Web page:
Prevention of infections associated with combat-related extremity injuries

Clinton K. Murray*, William T. Obremskey, Joseph R. Hsu, Romney C. Andersen, Jason H. Calhoun, Jon C. Clasper, Timothy J. Whitman, Thomas K. Curry, Mark E. Fleming, Joseph C. Wenke, James R. Ficke, Duane R. Hospenthal, R. Bryan Bell, Leopoldo C. Cancio, John M. Cho, Kevin K. Chung, Marcus H. Colyer, Nicholas G. Conger, George P. Costanzo, Helen K. CrouchLaurie C. D'Avignon, Warren C. Dorlac, James R. Dunne, Brian J. Eastridge, Michael A. Forgione, Andrew D. Green, Robert G. Hale, David K. Hayes, John B. Holcomb, Kent E. Kester, Gregory J. Martin, Leon E. Moores, Kyle Petersen, Evan M. Renz, Jeffrey R. Saffle, Joseph S. Solomkin, Deena E. Sutter, David R. Tribble, Andrew R. Wiesen, Glenn W. Wortmann

*Corresponding author for this work

Research output: Contribution to journalReview articlepeer-review

127 Scopus citations


During combat operations, extremities continue to be the most common sites of injury with associated high rates of infectious complications. Overall, ~15% of patients with extremity injuries develop osteomyelitis, and ~17% of those infections relapse or recur. The bacteria infecting these wounds have included multidrug-resistant bacteria such as Acinetobacter baumannii, Pseudomonas aeruginosa, extended-spectrum β-lactamase-producing Klebsiella species and Escherichia coli, and methicillin-resistant Staphylococcus aureus. The goals of extremity injury care are to prevent infection, promote fracture healing, and restore function. In this review, we use a systematic assessment of military and civilian extremity trauma data to provide evidence- based recommendations for the varying management strategies to care for combat-related extremity injuries to decrease infection rates. We emphasize postinjury antimicrobial therapy, debridement and irrigation, and surgical wound management including addressing ongoing areas of controversy and needed research. In addition, we address adjuvants that are increasingly being examined, including local antimicrobial therapy, flap closure, oxygen therapy, negative pressure wound therapy, and wound effluent characterization. This evidence-based medicine review was produced to support the Guidelines for the Prevention of Infections Associated With Combat-Related Injuries: 2011 Update contained in this supplement of Journal of Trauma.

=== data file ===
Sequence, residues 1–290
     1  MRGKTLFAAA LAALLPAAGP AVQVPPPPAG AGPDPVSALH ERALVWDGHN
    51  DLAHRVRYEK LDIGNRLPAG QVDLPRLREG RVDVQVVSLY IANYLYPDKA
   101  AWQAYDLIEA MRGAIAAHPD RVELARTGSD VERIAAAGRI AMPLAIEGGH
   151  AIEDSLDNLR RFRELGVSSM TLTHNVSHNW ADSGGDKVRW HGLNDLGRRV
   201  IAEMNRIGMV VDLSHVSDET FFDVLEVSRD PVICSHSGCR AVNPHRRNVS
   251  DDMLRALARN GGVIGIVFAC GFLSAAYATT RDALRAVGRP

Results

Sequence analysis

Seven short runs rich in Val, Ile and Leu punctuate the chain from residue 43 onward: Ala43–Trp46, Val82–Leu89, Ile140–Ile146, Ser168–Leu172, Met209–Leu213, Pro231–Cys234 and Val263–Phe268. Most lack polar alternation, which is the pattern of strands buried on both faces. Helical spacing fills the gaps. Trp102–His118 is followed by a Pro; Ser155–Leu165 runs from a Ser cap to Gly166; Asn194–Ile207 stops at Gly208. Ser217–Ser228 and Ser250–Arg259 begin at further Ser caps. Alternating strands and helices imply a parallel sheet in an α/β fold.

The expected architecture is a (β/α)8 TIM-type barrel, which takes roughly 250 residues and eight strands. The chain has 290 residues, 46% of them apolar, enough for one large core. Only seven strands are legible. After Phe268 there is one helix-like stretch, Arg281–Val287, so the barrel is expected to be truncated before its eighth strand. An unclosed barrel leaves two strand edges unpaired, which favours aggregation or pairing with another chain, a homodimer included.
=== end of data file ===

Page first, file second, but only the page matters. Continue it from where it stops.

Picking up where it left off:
Original languageEnglish
Pages (from-to)S235-S257
JournalJournal of Trauma - Injury, Infection and Critical Care
Issue number2 SUPPL. 2
StatePublished - Aug 2011
Externally publishedYes


  • Afghanistan
  • Extremity
  • Infection
  • Iraq
  • Prevention


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